Besides Gaiman, the series also includes stories of Rick Baker, Academy Award-winning special effects makeup artist who is behind such films as the Men in Black series; Jonathan Frakes, the actor who portrayed Commander Riker on Star Trek: The Next Generation; Kevin Kelly, founding editor at Wired Magazine; Ron Moore, Emmy Award-winning science fiction screenwriter and creator whose work includes Battlestar Galactica, Outlander and Star Trek: The Next Generation; and Frank Oz, legendary and award-winning science fiction director and creator.
The Case of Neil Gaiman
The animation dedicated to Gaiman was conceived in 3D.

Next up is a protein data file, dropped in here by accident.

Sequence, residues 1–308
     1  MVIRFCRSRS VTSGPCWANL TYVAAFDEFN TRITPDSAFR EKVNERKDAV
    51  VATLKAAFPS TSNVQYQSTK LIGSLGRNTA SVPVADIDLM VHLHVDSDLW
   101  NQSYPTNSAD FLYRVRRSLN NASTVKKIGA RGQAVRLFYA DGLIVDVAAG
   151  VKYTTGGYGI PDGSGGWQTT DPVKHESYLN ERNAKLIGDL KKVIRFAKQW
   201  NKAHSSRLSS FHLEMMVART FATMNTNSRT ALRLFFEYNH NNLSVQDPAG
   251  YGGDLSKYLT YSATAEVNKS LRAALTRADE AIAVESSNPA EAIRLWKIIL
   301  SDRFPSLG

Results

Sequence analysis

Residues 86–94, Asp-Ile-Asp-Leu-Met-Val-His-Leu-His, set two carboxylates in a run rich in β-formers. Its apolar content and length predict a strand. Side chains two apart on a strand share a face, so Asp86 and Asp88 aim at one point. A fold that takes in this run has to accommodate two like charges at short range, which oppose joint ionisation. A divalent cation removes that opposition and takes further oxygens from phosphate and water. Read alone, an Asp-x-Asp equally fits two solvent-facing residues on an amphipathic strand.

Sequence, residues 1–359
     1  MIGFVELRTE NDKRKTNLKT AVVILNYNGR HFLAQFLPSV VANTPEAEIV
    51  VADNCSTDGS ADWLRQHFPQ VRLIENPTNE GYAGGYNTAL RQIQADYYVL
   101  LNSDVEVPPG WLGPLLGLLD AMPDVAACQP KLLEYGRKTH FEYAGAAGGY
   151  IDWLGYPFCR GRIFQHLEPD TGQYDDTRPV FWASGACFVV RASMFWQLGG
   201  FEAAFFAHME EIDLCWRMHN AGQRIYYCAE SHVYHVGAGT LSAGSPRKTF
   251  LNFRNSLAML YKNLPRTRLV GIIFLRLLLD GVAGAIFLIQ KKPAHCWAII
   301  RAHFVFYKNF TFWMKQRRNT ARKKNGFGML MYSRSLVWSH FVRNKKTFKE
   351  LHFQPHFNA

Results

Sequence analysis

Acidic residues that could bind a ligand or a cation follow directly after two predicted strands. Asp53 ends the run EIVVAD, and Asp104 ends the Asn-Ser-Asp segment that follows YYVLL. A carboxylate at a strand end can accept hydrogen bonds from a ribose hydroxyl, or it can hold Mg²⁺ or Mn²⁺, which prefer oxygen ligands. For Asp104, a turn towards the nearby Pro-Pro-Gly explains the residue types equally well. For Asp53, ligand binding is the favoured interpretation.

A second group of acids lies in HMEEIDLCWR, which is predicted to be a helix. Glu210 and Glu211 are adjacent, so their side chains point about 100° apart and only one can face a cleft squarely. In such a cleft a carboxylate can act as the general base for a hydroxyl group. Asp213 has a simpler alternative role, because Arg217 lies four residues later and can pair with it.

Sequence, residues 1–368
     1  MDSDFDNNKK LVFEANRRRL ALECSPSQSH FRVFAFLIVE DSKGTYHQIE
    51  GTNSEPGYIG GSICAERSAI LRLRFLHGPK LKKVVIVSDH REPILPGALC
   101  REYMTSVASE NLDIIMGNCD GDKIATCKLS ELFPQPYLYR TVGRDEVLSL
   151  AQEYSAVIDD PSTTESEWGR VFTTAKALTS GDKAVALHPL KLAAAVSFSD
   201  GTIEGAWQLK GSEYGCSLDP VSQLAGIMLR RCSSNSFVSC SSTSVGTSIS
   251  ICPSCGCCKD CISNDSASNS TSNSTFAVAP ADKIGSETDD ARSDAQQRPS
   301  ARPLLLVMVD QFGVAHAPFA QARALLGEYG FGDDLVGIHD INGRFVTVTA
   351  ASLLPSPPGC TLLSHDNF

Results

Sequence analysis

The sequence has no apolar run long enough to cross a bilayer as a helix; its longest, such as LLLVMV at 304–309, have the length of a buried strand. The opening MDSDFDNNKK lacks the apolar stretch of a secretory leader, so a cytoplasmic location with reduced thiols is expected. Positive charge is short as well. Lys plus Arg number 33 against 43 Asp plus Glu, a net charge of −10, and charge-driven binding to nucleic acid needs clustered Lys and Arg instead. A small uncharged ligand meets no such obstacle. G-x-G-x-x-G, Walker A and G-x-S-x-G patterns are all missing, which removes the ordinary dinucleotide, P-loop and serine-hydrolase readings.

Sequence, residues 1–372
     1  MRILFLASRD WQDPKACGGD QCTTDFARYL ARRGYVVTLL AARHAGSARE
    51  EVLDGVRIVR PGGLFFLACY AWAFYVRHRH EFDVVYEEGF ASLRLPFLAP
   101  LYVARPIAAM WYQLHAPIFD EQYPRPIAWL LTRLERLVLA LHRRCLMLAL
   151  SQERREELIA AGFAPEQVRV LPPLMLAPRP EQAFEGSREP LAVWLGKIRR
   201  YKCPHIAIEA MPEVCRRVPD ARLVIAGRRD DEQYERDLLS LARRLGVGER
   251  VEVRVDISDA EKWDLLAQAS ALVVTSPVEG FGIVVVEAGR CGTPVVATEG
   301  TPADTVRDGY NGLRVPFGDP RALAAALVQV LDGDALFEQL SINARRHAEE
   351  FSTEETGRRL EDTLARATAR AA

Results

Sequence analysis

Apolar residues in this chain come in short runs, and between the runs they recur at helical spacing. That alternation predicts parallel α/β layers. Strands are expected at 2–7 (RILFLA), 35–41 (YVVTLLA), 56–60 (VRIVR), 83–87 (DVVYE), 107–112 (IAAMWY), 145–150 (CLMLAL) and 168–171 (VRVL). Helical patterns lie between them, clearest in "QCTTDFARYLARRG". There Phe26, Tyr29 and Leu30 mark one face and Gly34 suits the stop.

In the narration, Gaiman recounts how at the age of three, the milk bottles drank by children at English schools spurred his imagination and his interest in watching Doctor Who.
“Initially, we wanted to do something dark for Neil Gaiman, but the story was really funny and personal, and it was also about creativity, so the concept that we came up with was to sculpt clay into different things that stem from your imagination. We didn’t have time to do stop-motion clay animation so that’s why we went for the 3D look,” says Richardson.
To approach this project, Laundry called in Váscolo which developed the entire process from the creative idea to the character design, modeling, rigging and animation. The studio worked off of a storyboard provided by Laundry, which later evolved based on the studio’s own style.